with strong antipathy from the thought of dying alone or
among strangers. He would have friendly eyes look on
him, feel the clasp of a familiar hand, in that silent im-
mense passage of his being. All things but man, when
fatally hurt or spent, retreat to die in solitude ; they are
afraid of being attacked in their weakness. If a wolf
so much as limps, the other wolves tear him in pieces.
Instinctively, therefore, the dying animal seeks a secret
corner. But man, with a few abnormal exceptions, never
wishes to die without some one near to count his sighs,
watch his ebbing moments, and mark his last gasp. It
is a pathetic proof of his natural sociality. Sympathy is
deeper than fear, and in the final failure of his own force,
in the upheaval of the bottom of his soul, he puts distrust
and hate aside, and clings to his kind with a loving ex-
pectation of help. But no companionship of other wis-
dom or love can avail or endure there. Personal insight
and trust of the truth, personal surrender to the Abso-
lute Spirit, these only can stay and comfort then.
Though outwardly girt by the fondest comrades, in-
wardly alone, each one casts his material investiture,
eludes their grasp and their gaze, and slips separately
into his curtained fate. The loneliness of dying is like
the loneliness of the sea, whereon many ships cross and
pass without speaking. So do many human beings die
simultaneously, but make no signals to each other as the
wonted shores recede, and the breath of the Infinite
swells the unseen sail, and the gray waste looms in the
silence of its immemorial mystery.



The Dangers of Solitude.

THE topic next to be treated is the perversions and
dangers of solitude. In attempting a general survey and
application of the lessons of this part of the subject,
scrupulous care is needed to avoid errors and exaggera-
tions. At the start it should be understood that there is
no magic in seclusion itself to make any one strong or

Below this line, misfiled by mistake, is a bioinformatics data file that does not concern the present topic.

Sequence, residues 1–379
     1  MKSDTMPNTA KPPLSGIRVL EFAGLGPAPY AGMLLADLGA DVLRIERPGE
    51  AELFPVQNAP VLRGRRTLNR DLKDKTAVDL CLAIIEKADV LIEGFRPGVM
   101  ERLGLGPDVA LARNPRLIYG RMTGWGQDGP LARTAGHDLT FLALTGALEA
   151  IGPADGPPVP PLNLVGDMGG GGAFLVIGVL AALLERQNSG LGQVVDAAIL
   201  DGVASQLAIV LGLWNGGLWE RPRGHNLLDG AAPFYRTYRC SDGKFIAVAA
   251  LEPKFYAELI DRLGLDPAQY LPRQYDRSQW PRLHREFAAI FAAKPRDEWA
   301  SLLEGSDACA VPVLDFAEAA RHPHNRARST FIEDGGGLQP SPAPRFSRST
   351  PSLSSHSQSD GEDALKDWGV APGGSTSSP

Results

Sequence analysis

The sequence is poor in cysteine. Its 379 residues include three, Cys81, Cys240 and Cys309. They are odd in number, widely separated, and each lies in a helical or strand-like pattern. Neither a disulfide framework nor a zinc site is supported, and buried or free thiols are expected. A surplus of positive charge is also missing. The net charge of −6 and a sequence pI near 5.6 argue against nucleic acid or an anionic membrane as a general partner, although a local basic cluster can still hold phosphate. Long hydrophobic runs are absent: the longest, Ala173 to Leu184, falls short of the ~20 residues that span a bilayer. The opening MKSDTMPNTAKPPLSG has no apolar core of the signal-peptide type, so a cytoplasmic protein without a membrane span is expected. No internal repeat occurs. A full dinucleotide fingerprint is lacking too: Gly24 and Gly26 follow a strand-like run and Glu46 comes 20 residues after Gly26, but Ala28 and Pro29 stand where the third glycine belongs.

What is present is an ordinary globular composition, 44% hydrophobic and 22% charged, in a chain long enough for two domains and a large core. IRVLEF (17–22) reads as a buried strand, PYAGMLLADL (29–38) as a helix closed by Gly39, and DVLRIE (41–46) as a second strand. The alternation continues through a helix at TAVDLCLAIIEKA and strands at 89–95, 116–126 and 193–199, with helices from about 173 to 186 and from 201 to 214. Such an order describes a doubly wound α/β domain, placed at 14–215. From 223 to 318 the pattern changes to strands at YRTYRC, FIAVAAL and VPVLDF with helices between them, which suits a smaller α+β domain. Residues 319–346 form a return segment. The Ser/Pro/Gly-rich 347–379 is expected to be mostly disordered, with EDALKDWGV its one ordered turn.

wise or good. A man may keep by himself because he
is a fool or a knave, and become the greater fool or knave
by doing so. The benefits of retirement are not the re-
sults of a charm, but the fruits of a law faithfully ob-
served. The secrets and blessings resident in solitude
must be wrung from it by our energy ; they will not spon-
taneously drop into our laps as we approach, any more
than the arrow-headed inscriptions in the desert yielded
the ancient history locked up in their cipher to the car-
avans and armies that for so many ages ignorantly trav-
elled by them. Solitude works on each one and con-
tributes to him after his own kind. It may make a
prophet or an idiot. It excites, concentrates, and forti-
fies the faculties of a strong and studious soul, but bewil-
ders and dissipates those of a weak and wandering one.
The great argument against the system of solitary con-
finement in penitentiaries is that it destroys the minds of
those subjected to it. Solitude has imbecility for one of
its handmaids. It was found, when the separate and
silent system was introduced into the Pennsylvania
prison, almost impossible to prevent the convicts from
climbing up to the windows to salute each other, and


from conversing through the walls of adjacent cells by
signals, so fierce was the demand of nature for sympa-
thetic communication. We must not let the philosophic
and poetic side of the subject fascinate us, and prevent
our seeing that all depends on the kind of solitude, the
kind of soul, the kind of activity between them. We
should remember that there is the solitary worm as well
as the solitary eagle. One is more likely to prefer to be
alone because he is too poor or too bad to furnish the
conditions for agreeable company, than because he can-
not find company worthy of him. It is so much easier
to get along where there is no one to thwart, contra-
dict, or irk. Wisdom is given to deep reflection, and
lonely reflection makes wise. Fools chatter; the gods
are silent. Though this is undeniable, there is truth on
the other side too. A sage is not unfrequently as talka-